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Business Transition to a Family Member

In a previous article, we discussed succession planning and transition options available to business owners.

When entrepreneurs launch their businesses, many dream of passing them down to family members after decades of operation. The most frequent form of familial transition is an intergenerational transfer from parents to one or more of their children.

Transferring a business to the next generation is frequently viewed as an ideal situation for business owners, however, doing so creates its own set of difficulties and complications, especially when family dynamics and relationships are involved. This article will focus on business succession to family members, particularly the advantages and disadvantages of this transition option.


Advantages of a Business Transition to a Family Member

  • Continuity: Family members have usually spent several years working within the business. Therefore they will likely possess specific experience and relationships, both internal and external to the company, and can continue to operate it in a similar manner. This stability can reassure stakeholders, including customers, suppliers, and employees.
  • Inheritance: Succession offers the ability to provide children or other family members the chance to inherit an already well-established business as a source of income rather than starting a new business on their own or working as an employee.
  • Legacy: For business owners who are concerned about their legacy, transitioning their company to family members can ensure their wishes will be better addressed, and provide added emotional support for the ultimate change in control.
  • Flexible Succession Period: Family business succession offers the business owner several years to groom their successor. This additional time can offer the ability to gain vital exposure and experience across various areas of the business to mitigate the risks of transition.
  • Tax Minimization: Taxation strategies can be implemented in advance of and following the transition to maximize tax-efficiency and deferral opportunities. This can involve estate freezes, the introduction of trusts and holding companies, or a number of additional options.
  • Maintaining Involvement: Owners have more latitude with respect to their ultimate involvement in the business post-transition, rather than with arm’s length transfers that often include strict contractual components in this regard.


Disadvantages of a Business Transition to a Family Member

  • Family Discount: Younger children or family members may not have the financial resources to purchase the business for fair market value. Thus, the purchase price may be less than that of third-party purchasers and may require the owner to provide more flexible financing options that could impact retirement plans.
  • Parental Expectations: It is common for successful entrepreneurs to assume that their children will be eager to take over the family business. However, younger generations may lack the interest or desire for the industry, or they may not possess the requisite skills to assume active control. The absence of either may make the transition untenable. Therefore, it is crucial to have an open dialogue with potential successors to understand their interest, motivation, and capacity to operate the business.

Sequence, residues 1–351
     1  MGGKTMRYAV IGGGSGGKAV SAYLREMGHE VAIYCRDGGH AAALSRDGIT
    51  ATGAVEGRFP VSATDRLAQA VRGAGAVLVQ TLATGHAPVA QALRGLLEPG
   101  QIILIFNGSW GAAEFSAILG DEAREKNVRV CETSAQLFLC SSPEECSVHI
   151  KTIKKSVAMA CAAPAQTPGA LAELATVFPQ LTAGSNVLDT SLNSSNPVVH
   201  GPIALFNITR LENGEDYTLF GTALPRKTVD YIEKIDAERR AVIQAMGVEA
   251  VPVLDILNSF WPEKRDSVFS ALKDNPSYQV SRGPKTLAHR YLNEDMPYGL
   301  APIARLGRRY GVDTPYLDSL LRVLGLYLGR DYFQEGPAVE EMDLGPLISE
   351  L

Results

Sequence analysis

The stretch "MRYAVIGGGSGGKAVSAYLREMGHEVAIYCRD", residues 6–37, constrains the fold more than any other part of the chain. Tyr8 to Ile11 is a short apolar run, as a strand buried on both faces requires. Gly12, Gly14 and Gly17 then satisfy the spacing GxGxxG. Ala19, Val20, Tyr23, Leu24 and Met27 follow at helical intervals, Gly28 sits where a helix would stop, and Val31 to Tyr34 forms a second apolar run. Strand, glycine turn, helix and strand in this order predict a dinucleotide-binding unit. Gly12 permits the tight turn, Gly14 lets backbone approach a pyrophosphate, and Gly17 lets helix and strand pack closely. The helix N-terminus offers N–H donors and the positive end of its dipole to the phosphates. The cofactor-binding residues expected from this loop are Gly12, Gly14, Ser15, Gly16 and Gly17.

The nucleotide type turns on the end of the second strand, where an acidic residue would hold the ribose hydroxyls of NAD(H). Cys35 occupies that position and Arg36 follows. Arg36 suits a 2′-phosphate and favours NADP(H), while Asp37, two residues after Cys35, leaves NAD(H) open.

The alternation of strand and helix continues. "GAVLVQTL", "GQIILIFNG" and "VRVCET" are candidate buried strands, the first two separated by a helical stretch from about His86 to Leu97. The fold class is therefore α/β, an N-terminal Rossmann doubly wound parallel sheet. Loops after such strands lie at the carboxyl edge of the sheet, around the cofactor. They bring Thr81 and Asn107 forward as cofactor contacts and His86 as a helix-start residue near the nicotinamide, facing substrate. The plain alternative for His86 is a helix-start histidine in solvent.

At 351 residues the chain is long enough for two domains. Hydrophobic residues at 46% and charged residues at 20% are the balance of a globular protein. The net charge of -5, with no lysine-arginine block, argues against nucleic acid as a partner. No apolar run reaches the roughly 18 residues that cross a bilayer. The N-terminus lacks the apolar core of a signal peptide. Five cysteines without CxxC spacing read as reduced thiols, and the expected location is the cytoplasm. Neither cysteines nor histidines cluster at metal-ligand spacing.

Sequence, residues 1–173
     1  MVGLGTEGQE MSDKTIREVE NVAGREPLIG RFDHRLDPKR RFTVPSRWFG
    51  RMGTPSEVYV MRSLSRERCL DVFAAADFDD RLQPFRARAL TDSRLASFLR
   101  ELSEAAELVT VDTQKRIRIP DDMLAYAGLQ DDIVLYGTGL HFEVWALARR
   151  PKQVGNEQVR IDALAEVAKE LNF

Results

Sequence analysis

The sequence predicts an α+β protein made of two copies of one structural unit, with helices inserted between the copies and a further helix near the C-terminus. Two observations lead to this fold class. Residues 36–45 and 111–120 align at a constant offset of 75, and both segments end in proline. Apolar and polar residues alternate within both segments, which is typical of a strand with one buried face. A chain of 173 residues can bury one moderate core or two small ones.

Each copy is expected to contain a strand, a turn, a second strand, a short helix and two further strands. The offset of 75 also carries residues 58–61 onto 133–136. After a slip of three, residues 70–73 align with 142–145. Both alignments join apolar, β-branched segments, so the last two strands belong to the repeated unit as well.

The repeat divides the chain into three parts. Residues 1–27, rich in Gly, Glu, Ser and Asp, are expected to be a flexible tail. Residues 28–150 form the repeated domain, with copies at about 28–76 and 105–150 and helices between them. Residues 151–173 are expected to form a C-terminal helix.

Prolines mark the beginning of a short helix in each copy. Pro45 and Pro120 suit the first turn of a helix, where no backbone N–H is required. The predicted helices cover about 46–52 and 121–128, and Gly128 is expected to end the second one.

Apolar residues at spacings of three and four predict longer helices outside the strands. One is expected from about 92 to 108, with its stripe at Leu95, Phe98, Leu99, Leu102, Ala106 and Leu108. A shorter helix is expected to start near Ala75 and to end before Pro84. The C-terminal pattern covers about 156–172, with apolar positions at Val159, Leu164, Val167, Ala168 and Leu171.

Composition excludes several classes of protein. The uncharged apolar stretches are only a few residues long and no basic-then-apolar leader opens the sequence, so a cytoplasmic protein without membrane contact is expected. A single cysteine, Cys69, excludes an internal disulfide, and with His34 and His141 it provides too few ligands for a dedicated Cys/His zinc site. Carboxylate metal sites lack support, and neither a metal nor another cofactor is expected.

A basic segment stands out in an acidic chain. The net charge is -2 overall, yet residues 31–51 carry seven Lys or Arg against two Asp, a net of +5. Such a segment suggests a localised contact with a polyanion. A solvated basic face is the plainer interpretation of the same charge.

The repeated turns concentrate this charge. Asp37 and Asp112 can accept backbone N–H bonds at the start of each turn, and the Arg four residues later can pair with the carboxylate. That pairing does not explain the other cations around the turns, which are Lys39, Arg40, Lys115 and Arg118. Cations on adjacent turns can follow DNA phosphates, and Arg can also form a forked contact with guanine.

• Family Feuding: Families may include several members competing for certain roles which can add a layer of complication to succession dynamics. A business owner may have to balance emotional family relationships with the operations of the business, which can result in sub-optimal results for either or both.
  • Equalization Amongst Beneficiaries: Further to the family feuding noted above, there can be further challenges arising from uneven motivation or responsibilities amongst family members. This can make the succession plan particularly difficult, as the overall benefit received for each family member may not be consistent with their expectations or the estate plan as a whole. Should the benefits of the business be divided equally amongst children, regardless of their level of participation? Should inheritance of other assets be adjusted to equalize the beneficiaries? These are some of the most common and concerning questions that impact a familial transfer.
  • Low Success Rate of Family Succession: Studies have indicated that the success of family business transitions is approximately 30% when passing to a second generation, and 10% when passing to a third generation. Planning and clear communication are vital elements to consider in order to maximize the probability of success. Ultimately, this process may determine that a family transfer is not the optimal decision and other exit options can be considered.
  • Impact on Existing Staff: Transition of the business may upset existing employees or management who may have been more active in the business than other family members. This can result in resentment or alienation, and can impact internal culture and operations, including the potential loss of key personnel.


Succession planning is always challenging but it can become even more complex when family dynamics are involved. Open and honest communication about the owner’s wishes, motivations, skill and interests of family members are key concerns, along with sufficient time allotted to complete the transition process.

At Grewal Guyatt LLP, our team of experienced professionals can assist you throughout your family business succession plan by providing valuation, tax planning and other support services. We would be delighted to discuss how we can assist and guide you through the relevant steps. Do not hesitate to reach out for a complimentary consultation.

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